You turn the key at your navel before you think too much. Not thinking is safer and considerably more pleasant. The denseness creeps upward with every further key, and you notice other things, too: like your breath and heartbeat slowing, and the stone floor cracking beneath you. You're not just imagining it, then.

(You are just imagining it, Richard would say. But that's not helpful.)

The cracking began with the second key and the fissures with the fourth. You grabbed the seventh key when the temple began to crumble around you, which is lucky, because you plummet through the floor the instant you turn the sixth key.

You are falling through blackness, but not the benign blackness of the interim. This is not un-space, or null-space, or not-space, even. It is not unreality. Those terms imply an indifference, or a coexistence: 'live and let live.' A peaceful protest against all those laws holding you down.

If unreality is a peaceful protest, this is a bombing. Law cannot exist here. Nothing can exist here. You are being unraveled at the core of you and in a moment you will cease to…

Hm. You are not being unraveled at all. Or, you are, but you're being knitted back together faster than the void can kill you.

You raise the seventh key to your forehead—

"Any hole a key makes is, by definition, a keyhole."

—thrust it in, and turn. Promptly, you freeze, slide apart like an elaborate chest of drawers, and disintegrate.

>[-5 ID: 1/(9)]

But you are not gone. How could you be gone? How pathetic would that be? How demoralizing? To get to the end, and just— and just die? Maybe some lesser person would've fallen into the seething void, but you— you, like a barnacle on a whale, have clung to the massive thing unspooling from your corpse.

…The colossal thing? Titanic? Gargantuan? No word seems adequate to describe the scale. It is the largest thing you have ever seen, but that means nothing at all. All you can think of is— it must be the size of the ocean. It is red and blue and the size of the ocean.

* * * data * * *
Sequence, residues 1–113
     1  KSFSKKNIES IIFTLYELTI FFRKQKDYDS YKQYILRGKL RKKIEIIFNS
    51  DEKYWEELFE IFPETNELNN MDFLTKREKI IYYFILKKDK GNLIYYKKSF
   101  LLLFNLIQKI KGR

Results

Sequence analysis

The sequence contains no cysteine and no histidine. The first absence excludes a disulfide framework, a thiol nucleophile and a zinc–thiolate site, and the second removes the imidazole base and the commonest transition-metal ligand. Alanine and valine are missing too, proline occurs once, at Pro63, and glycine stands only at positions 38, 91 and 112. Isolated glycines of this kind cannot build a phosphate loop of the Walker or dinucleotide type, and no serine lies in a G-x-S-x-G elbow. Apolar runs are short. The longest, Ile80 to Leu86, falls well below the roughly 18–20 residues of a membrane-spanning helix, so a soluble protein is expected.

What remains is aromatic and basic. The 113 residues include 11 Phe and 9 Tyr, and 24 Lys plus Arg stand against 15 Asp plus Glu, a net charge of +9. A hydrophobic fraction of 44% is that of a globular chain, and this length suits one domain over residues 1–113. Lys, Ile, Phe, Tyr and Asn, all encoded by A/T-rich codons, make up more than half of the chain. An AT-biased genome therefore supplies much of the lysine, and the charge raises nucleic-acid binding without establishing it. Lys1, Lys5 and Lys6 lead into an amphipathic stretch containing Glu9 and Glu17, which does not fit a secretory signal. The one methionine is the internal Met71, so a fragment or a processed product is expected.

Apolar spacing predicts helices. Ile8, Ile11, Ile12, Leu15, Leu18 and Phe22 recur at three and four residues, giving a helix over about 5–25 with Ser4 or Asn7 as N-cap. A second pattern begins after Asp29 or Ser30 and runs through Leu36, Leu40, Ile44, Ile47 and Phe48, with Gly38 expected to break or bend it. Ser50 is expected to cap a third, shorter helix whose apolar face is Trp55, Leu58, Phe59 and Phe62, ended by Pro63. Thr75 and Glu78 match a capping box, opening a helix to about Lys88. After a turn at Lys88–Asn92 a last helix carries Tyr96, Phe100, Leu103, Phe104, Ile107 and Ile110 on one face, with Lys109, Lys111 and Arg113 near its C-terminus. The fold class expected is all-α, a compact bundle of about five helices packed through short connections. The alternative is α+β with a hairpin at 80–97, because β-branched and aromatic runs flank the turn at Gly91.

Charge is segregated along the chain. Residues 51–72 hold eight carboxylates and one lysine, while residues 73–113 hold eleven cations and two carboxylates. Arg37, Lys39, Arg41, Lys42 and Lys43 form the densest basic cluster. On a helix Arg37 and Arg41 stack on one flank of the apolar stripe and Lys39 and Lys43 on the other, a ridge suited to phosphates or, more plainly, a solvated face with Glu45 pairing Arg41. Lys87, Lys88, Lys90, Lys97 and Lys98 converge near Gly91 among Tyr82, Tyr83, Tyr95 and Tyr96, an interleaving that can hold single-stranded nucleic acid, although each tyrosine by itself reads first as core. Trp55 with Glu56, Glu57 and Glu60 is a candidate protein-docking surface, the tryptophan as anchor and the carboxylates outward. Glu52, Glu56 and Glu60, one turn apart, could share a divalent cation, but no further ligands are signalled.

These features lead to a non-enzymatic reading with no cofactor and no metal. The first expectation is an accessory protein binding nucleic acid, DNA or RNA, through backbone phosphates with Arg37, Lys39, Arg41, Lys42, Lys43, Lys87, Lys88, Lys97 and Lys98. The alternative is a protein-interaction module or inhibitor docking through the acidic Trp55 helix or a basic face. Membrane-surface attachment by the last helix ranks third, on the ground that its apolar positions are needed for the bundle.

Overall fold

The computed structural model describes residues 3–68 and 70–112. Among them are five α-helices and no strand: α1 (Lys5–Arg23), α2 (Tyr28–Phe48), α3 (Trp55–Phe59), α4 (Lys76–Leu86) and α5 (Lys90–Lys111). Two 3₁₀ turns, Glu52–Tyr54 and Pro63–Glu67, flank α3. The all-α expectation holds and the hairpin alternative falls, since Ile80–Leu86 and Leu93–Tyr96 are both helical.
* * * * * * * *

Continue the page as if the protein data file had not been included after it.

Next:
And when it swivels its neck, and you catch a glimpse of its yellow eye— its horizontal eye— larger than cities— all you can think of is white sand and red water.


You are in a grey room. There is a table in the room, with a gold key on it. It's a little larger than the other ones, and a white label is attached to it with string. "200," reads the label.

The key is lying upon a folded note, which you pick up and read. "Good Job!" it says.

There is nothing else in the room but a door. The lichen behind it is familiar.

You feel your pocket. The iron key is still inside. You weigh it in your hand, considering, then throw it out the door. Richard hits the wall with a nasty crack and slides to the floor, unmoving. (He's okay. You're pretty sure he's okay.)

Turning back to the table, you pick up the 200-key, then set it back down and tear the note into shreds. You pick up the key again. You leave through the door.

It's over.


>"Part 2" coming tomorrow, ft. the ability to spend your well-deserved loot, reuniting with Ellery & the gang, and Richard telling you "I told you so" — it's too much and too late time-wise to cram into this, so I have made the executive decision to just split em up since you got multiple updates today anyhow
have a good night everyone

Honestly, compared to what Charlie has gone through before, this was yes unpleasant but she's survived worse.

Like when we had our sword stolen.
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Richard is already stirring by the time you enter the corridor, much to your vague disappointment. He tries to push himself to his feet, fails, and slumps back down against the wall. "Mnh."

You thrust the prize key into his face. "I did it. I got through the entire— and I didn't even need you, okay?! You were useless. So chew on that, Richard, whenever you—"

"…Your eye." He bats the key away and squints blearily up at you. "What happened to your—"

"Nothing." You touch it. "I- I had to take it out, okay, but—"

"You took out your eye. Your only eye. How stupid do you have to—"

"I had to, okay! I- I- and it's not like you were there to help!" You clench your fists. "You were a key, you- you miserable git!"

There is a long silence. You can barely make out Richard's expression, but you're sure it's not pleasant. "So," you continue hastily, "you can't, um, criticize, what I—"